When I was younger, it really made it hard for me to understand all the parts of my identity, or to feel comfortable owning my identity, because it seemed like there was only one way to be Latina, or one way to be Jewish, and I deviated from that. And honestly, being mixed, that’s a whole other thing because that pressure to “choose” one, like your identity is a buffet, is painful. But writing helped. Creating characters who were more like me helped. You have to create the world you want, I think, write the things you would want to read. Jose Rivera in his 36 Assumptions About Writing Plays says “good playwriting is a collaboration between your many selves. The more multiple your personalities, the further, wider, deeper you will be able to go,” and I would extend that to all writing. So I think in the end it helped, but this, with more people to look up to and see, with more kinds of stories to know? This is far better.
AV: Do you have plans to explore your background in future works?
LF: I do! I’m always exploring some part of myself in my work. Before I wrote fiction, I wrote and then studied dramatic writing, and I actually wrote a lot of plays about Puerto Rico, which was something that helped me work through my own feelings about my identity. Right now, a lot of what I’m thinking about and writing about is my immediate life, that is, living in Mumbai as an American.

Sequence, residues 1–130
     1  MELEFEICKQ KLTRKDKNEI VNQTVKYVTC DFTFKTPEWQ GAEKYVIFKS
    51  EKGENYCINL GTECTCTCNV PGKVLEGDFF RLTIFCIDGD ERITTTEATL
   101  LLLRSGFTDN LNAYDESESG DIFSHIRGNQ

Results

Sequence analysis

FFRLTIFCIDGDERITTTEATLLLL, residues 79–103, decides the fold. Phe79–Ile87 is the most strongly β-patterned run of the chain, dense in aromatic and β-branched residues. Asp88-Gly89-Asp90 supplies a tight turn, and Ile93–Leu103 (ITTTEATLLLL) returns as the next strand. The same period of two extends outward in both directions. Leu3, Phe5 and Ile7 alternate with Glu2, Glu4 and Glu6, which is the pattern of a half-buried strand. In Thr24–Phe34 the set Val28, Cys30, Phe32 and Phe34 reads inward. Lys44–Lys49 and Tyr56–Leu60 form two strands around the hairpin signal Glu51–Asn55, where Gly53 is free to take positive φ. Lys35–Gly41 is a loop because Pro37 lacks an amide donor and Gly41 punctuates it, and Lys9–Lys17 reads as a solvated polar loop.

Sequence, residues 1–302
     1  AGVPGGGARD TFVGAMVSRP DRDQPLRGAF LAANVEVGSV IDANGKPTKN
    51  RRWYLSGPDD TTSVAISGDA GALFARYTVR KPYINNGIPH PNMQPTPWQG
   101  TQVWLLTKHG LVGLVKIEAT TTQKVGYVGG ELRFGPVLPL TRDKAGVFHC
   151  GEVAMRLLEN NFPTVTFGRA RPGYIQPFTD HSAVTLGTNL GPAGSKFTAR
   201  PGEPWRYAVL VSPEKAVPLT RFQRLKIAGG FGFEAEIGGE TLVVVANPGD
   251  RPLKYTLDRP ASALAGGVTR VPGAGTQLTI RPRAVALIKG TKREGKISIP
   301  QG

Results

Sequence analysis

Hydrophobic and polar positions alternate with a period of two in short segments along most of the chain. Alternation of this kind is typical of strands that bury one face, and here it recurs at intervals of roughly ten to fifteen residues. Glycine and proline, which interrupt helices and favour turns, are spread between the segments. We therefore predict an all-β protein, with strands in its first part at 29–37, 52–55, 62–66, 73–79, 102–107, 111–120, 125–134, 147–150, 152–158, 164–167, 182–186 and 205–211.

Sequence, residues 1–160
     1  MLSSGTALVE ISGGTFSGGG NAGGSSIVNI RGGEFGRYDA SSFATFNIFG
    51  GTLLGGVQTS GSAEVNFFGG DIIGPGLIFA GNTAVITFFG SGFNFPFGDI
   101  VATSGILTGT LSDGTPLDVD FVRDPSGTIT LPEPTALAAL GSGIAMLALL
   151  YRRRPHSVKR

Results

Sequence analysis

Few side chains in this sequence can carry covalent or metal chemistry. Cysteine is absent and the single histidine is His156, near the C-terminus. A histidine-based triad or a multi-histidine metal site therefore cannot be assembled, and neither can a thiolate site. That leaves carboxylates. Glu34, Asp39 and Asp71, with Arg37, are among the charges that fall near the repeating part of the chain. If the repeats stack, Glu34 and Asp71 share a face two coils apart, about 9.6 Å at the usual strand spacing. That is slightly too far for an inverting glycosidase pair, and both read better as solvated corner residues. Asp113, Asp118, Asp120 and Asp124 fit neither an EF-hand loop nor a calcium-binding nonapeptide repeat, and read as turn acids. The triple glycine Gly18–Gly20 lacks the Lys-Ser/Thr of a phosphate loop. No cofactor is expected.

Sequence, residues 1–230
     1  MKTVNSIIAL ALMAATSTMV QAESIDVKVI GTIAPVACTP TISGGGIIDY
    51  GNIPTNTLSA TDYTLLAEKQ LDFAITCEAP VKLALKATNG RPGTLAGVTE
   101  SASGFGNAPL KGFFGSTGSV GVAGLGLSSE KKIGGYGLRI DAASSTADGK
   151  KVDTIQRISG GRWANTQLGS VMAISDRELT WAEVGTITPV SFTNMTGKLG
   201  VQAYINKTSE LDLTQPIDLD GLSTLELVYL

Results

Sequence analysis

In India I’m simply understood as a white person, which is fair, because comparatively I am, and the nuance of “well but I’m Jewish and Latina so it’s more complicated” is not something I care to go into with people I meet in passing, I’m too busy trying to figure out India. So yes, I do plan to explore my background more through writing, but also my foreground, I guess? As in, that which is around me, that which is in front of me. Now I have this third part of my life, which is being with an Indian, being part of an Indian family, and that’s another act of exploration and investigation, but in some ways it only helps me see myself and my identity more clearly in contrast.